Students who complete a community college program earn higher wages, particularly in technical areas, according to a report released by the Iowa Department of Education.
The Annual Condition of Iowa's Community Colleges 2009 report, released January 14, includes a special focus on the workforce outcomes of students. The report finds that Associate of Applied Science (AAS) degrees are the most lucrative credential with a rate of return of 55.7 percent for a cohort of students who graduated or left college in 2002. This means that AAS recipients earned nearly 56 cents more for each dollar they invested in obtaining the two-year degree in a career and technical field. Over the six-year period of the study, completing an AAS degree was worth $41,962 more than the cost of tuition, fees, and forgone wages while in school.
"Two-year career and technical programs are a great value for students, however these programs are the most expensive for colleges to offer and with enrollment soaring, many are filled to capacity and have waiting lists," Judy Jeffrey, director of the Iowa Department of Education said.
Overall, students who completed a degree in 2002 had a six-percent private rate of return compared with those who left college early. The report supports research nationally, which shows educated workers enjoy higher earnings and lower unemployment rates.
The report shows that certain program areas pay off more than others. The career and technical programs with the highest rate of return were in law and public safety, STEM (science, technology, engineering, and mathematics), finance, manufacturing, architecture and construction, and health science.
A significant percentage of community college students do not enter the workforce directly, but instead transfer to four-year universities. The report underlines how important it is for transfer students to obtain a bachelor's degree. A cohort of students who were awarded Associate of Arts degrees designed for transfer to a four-year university, but who did not transfer, did not recoup the expenses and lost wages from not being in the workforce by the sixth year after graduation.
The workforce outcomes portion of the report is based on a study jointly conducted by the Iowa Department of Education and Iowa Workforce Development.
The Annual Condition of Iowa's Community Colleges 2009 report provides data on Iowa's 15 community colleges for fiscal year 2008-2009. The report includes information on enrollment, student demographics, credit and non-credit programs, human resources, college finances, and more. Highlights of the report include:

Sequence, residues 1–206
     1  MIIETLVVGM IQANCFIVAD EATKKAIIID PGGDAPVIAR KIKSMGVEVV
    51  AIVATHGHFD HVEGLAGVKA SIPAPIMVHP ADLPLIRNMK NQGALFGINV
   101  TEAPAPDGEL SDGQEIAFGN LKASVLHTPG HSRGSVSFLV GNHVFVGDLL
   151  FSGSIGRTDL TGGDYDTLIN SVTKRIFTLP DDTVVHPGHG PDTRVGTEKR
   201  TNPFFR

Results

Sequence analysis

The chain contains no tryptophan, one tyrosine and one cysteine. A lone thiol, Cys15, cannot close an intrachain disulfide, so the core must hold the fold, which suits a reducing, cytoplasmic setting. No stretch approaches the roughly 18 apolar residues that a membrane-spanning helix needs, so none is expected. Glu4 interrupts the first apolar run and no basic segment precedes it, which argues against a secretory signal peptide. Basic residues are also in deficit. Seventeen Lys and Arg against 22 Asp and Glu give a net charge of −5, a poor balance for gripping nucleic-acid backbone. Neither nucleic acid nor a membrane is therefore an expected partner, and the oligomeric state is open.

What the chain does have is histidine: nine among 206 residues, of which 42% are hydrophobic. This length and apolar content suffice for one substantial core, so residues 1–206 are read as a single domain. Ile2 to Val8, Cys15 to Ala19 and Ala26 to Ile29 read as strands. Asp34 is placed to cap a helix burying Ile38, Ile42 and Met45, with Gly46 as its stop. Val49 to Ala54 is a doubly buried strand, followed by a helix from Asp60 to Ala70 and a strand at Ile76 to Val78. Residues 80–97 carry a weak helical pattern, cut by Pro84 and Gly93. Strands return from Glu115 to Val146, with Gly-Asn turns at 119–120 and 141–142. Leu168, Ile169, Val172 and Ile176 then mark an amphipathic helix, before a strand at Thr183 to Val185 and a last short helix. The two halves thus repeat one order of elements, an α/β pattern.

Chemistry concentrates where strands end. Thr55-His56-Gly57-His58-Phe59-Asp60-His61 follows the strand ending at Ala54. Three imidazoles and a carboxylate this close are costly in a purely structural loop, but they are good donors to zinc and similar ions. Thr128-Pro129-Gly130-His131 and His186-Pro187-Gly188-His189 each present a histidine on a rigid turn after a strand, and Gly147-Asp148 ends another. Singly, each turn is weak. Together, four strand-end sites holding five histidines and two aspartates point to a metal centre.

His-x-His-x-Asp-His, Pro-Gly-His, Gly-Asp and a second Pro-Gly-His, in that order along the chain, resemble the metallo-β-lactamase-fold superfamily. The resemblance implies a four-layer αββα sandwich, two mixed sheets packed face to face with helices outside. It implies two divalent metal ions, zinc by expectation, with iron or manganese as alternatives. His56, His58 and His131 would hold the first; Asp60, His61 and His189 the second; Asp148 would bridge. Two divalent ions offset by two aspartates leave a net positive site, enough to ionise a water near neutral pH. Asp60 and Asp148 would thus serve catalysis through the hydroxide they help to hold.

- Overall, community college credit enrollment rose to 133,387 students - the largest in the colleges' history.
- Fall 2010 enrollment grew 14.3 percent - over double the average rate of growth.
- The number of high school students jointly enrolled in community college coursework grew 6.6 percent.
- Five years after graduation, 78.2 percent of community college students remain in Iowa.
- Enrollment in non-credit programs increased 2.8 percent, growing for the second straight year after several years of decline.
- Enrollment was greatest in programs designed to enhance employability and increase academic success.
- Apprenticeship program enrollment rose 14.2 percent over last year.
- More than 53 percent of Iowa community college students graduate or transfer to a four-year university within three years.
- Iowa's graduation rate consistently outperforms the national average, however gaps between students of different racial and ethnic backgrounds persist.
- Seventy-two percent of adult literacy participants achieved their goal of entering postsecondary education.
- The median age of community college instructors is 49 years old.
- Community colleges increased the number of employees to 12,710, nearly half of which were instructional.
The Annual Condition of Iowa's Community Colleges report provides Iowa citizens a tool for reviewing community college education in Iowa. The full reports, presentations, and other documents may be found on the Iowa Department of Education website at: http://www.iowa.gov/educate/ccpublications/